For companies that work with commodity supply chains, ensuring their products weren’t produced on deforested land is the new cost of doing business. As global regulations ramp up, earning a Verified Deforestation Free (VDF) certification will become the norm in the transition to a climate-neutral economy.
So why is it that Global Canopy’s 2023 report on the Forest 500 has shown that 40% of companies don’t even have a deforestation policy? Worse yet, not a single one is deforestation-free?
Going VDF is not only about complying with regulations, it’s also about providing assurance to consumers and investors. Reputations are on the line. VDF certification is a sure sign that companies are committed to sustainable development in their supply chains.
If a company wants to reap the benefits of a VDF certification, it’ll have to navigate a bumpy road. Here are the five main obstacles to going VDF and how to solve them.
1. Truth and Traceability
Going VDF requires companies to prove that their products are not and have not contributed to deforestation. This verification process typically involves conducting a comprehensive assessment of a company’s land-use practices and supply chain, using tools such as remote sensing, satellite imagery, and on-the-ground inspections to monitor their supply chains and detect deforestation.
In the EU, companies will need to know the exact coordinates of where their ingredients or materials are grown, and be able to prove that they aren’t the result of deforestation that occurred after December 2020. The problem is, supply chains can be inscrutable, making it difficult to trace the origin of the ingredients and materials that wind on our supermarket shelves. In many cases, those traders don’t disclose the farms on which their commodities are grown.
Satelligence has comprehensive concession maps that allow clients to trace products down to the smallholder level. Satelligence is constantly adding more concessions to its network, and uses partners to fill in the gaps where necessary. When concession data is unavailable, Satelligence applies a differentiated km radius approach by commodity. For example, with palm oil, a 50km radius deforestation zone is applied as this represents the average maximum distance fresh palm oil bunches travel from farm to mill.
Combining satellite data with supply chain linkage information allows companies to create a land-use map of their supply chain, track deforestation, and take measures to address it in real time. Crucially, they can do this at a scale and cost factor that is far more attractive than the equivalent of manual checks.
2. Poor Data…
Deforestation can be hard to detect, particularly in remote areas or areas with heavy cloud cover. Different land types, regions, and commodities require different approaches to remote sensing. When combined with local biases in the interpretation of changes on the ground, modeling approaches to detecting deforestation aren’t universal or easily transferred.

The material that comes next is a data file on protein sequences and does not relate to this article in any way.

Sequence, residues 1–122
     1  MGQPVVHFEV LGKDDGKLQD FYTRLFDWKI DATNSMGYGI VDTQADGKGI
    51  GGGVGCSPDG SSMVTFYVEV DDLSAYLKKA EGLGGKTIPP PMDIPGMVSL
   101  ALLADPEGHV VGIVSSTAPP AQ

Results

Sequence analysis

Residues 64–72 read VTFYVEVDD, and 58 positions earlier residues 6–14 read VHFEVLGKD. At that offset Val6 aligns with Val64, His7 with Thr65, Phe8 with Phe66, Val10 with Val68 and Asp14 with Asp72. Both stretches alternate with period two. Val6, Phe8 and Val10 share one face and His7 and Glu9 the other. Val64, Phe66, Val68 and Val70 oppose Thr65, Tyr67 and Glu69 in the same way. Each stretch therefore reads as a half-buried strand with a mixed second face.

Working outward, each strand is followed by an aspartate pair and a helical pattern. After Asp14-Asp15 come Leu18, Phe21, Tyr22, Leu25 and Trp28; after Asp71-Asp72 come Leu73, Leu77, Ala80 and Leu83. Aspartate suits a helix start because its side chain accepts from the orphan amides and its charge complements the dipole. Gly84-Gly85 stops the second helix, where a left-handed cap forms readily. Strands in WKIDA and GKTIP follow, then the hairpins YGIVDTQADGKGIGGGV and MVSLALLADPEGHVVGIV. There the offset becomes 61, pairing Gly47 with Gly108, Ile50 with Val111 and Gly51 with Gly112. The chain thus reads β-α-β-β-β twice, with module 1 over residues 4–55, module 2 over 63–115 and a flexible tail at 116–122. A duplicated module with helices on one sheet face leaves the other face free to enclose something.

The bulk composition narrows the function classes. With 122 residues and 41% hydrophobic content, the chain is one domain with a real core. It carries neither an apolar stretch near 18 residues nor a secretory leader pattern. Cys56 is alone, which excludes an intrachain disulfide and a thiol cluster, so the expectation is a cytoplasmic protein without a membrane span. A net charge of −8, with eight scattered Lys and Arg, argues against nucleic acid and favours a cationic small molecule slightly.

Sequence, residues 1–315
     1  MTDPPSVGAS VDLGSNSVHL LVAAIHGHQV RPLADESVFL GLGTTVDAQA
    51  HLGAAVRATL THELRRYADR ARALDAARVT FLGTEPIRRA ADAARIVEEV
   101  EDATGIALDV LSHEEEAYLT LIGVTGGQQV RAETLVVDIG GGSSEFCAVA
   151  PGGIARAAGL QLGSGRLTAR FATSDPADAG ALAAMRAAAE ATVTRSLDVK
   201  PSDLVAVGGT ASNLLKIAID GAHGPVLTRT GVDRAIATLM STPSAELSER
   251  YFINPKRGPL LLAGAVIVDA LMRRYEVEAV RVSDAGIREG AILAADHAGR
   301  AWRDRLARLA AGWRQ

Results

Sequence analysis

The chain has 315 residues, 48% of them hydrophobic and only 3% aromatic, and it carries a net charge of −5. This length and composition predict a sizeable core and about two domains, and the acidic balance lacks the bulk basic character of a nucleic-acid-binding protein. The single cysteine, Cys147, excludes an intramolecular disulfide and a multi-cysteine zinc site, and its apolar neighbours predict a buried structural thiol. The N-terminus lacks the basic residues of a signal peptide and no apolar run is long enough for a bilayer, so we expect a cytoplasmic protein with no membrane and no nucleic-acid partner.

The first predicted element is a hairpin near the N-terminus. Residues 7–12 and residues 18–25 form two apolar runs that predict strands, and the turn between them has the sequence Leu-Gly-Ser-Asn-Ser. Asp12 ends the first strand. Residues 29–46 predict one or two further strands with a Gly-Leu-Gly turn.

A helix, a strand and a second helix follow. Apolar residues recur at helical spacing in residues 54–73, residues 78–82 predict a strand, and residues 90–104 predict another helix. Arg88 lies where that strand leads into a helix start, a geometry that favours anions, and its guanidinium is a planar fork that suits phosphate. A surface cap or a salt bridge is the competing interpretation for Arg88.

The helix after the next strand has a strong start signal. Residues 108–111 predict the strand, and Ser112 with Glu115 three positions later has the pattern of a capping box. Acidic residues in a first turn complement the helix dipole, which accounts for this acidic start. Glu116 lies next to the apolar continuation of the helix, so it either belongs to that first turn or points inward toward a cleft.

Cheaper deforestation detection tools apply the same basic deforestation detection algorithms to every region, commodity, and land type. This can waste time and resources with misleading results, false positives, and inefficient use of limited boots-on-the-ground verification capacity.
AI machine learning has been crucial in overcoming barriers to detecting deforestation at scale. Satelligence has created an ISAE-3000 Type 1 Certified quality control audit process for each type of environment, country, or commodity, that can be adapted to any ecological region. With Satelligence’s algorithm, companies can expect the same universal quality control process when mapping cocoa in the Ivory Coast as they could for palm oil in Indonesia.
Borders needn’t get in the way of going VDF.
3. …Poor Interpretations of Data
Companies might be tempted to claim their products are deforestation-free, but with poor data, they can never be certain. If deforestation is discovered by NGOs, regulators, or otherwise, this can crush a company’s reputation or lead to fines and market exclusion.
Satelligence uses a combination of remote sensing sources, including satellites that can penetrate cloud cover. A team of commodity experts and engineers is employed to cross reference and curate the data gleaned from numerous satellite sources before it’s reported as fact.
4. The Standards Quagmire
Amidst an avalanche of acronyms and commitments, from well-known ones such as NDPE, sector-based commitments, and commitments on a company-to-company basis that all come with their own specific objectives and claims there remains no universal definition of deforestation. While regulations are on the rise, there is no universally accepted regulation or authority specifying rules for these different standards and commitments, which means that one company’s idea of what counts as deforestation-free is also different from another’s.
Satelligence adjusts its definition of deforestation to align with local laws. That means that companies that use Satelligence’s insights can be sure they are locally compliant and compliant with the EUDR, which specifically mandates local compliance.
5. Knowing your Cut-Off Date
Local laws on deforestation often include cut-off dates: the most recent date an area could have been deforested to be compliant. Cut-off dates also vary by commitment. The EU regulation says no product can be the result of deforestation after 31-12-2020, but the NDPE cut-off date is 31-12-2015.
Satelligence’s web app has archival satellite data that allows companies to check, at-a-glance, whether their products comply with the NDPE cut-off date. They can also check whether potential new suppliers are compliant, improving their sourcing decisions and informing their business practices. It goes without saying, but without accurate retroactive data, companies can’t say for sure whether their concessions and products are VDF.
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